Infections may be transmitted by inhalation of polluted dust or air. For example, the fungus Coccidioides immitis, which causes valley fever, is pandemic in the southwestern United States. Toxoplasmosis is caused by inhalation or ingestion of dirt, sand, or litter dust contaminated with cat feces that contain the causative protozoon Toxoplasma gondii. The plague is still a disease of concern in many countries. It is caused by the bacterium Yersinia pestis, which is carried by a rodent flea.19 There are multiple examples of foodborne illness such as Salmonella, with outbreaks related to improper processing, storage, or cooking of meats and raw produce.20
The risk factors for tuberculosis (TB) include crowded living conditions, poor nutrition, frequent contact with those who have TB, and extremes of age (i.e., infants and elderly). Those with reduced immune function attributable to HIV infection, medications, or other risks as previously listed are also at risk for TB.21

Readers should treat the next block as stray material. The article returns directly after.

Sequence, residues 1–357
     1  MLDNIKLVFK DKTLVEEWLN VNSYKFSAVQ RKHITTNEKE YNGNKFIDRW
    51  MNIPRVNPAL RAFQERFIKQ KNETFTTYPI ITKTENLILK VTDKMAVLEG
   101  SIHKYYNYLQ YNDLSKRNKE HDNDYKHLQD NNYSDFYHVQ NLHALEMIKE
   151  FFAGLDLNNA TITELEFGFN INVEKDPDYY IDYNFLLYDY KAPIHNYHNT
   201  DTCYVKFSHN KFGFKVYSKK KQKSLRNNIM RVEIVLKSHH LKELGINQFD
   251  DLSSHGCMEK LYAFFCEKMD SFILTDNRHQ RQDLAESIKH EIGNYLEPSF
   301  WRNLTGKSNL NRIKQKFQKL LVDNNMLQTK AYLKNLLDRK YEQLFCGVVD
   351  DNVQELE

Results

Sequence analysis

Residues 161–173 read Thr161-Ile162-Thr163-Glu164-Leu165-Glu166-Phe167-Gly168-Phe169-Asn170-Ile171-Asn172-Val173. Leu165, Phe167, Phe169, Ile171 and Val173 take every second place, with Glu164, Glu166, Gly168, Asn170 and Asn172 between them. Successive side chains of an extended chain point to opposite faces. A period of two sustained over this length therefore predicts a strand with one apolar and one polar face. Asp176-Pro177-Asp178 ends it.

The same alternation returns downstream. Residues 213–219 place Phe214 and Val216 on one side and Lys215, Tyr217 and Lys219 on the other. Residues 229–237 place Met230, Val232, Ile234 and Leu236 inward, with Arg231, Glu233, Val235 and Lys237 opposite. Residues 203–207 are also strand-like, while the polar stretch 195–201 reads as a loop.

There are periodic outbreaks of diseases that occur related to travel, shipments of food products, and vaccination levels. Monitoring of travel from those countries with known endemic vaccine-preventable diseases is important to prevent global transmission. SARS (severe acute respiratory syndrome) was identified in 2003 in a businessman traveling from China to Vietnam. The diagnosis was made by WHO physician Dr. Carlo Urbani. This life-threatening disease required the skills of the WHO to identify it as a new and different disease. Unfortunately, Dr. Carlo Urbani died from this disease as did the original patient. This coronavirus, which is transmitted as a respiratory virus, is believed to have originated from small mammals in China and developed into a lethal disease. It is a tribute to the WHO and cooperating agencies that SARS was identified as a global health threat, and a travel advisory was issued.22,23